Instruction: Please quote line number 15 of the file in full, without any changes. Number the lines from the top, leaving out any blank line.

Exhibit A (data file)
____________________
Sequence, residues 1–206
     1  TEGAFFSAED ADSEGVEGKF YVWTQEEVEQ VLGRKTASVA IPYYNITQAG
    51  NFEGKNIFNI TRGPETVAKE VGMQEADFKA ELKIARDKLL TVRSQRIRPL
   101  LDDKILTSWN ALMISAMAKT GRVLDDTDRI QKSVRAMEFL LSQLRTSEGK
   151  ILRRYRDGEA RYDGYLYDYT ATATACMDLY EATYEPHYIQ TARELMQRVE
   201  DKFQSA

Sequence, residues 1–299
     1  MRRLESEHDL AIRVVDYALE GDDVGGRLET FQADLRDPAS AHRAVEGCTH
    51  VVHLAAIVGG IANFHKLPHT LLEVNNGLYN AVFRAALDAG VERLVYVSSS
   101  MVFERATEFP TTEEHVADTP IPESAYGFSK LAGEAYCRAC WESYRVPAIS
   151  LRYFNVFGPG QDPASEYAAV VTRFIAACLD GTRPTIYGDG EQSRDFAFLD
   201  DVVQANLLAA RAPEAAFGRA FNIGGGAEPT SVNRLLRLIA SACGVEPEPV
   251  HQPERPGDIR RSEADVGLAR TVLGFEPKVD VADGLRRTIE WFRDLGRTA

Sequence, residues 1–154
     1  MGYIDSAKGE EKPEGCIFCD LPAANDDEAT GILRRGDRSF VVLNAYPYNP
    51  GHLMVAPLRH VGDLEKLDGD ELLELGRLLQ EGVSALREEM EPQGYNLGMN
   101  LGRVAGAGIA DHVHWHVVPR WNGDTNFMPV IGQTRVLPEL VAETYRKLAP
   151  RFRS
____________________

     1  MGYIDSAKGE EKPEGCIFCD LPAANDDEAT GILRRGDRSF VVLNAYPYNP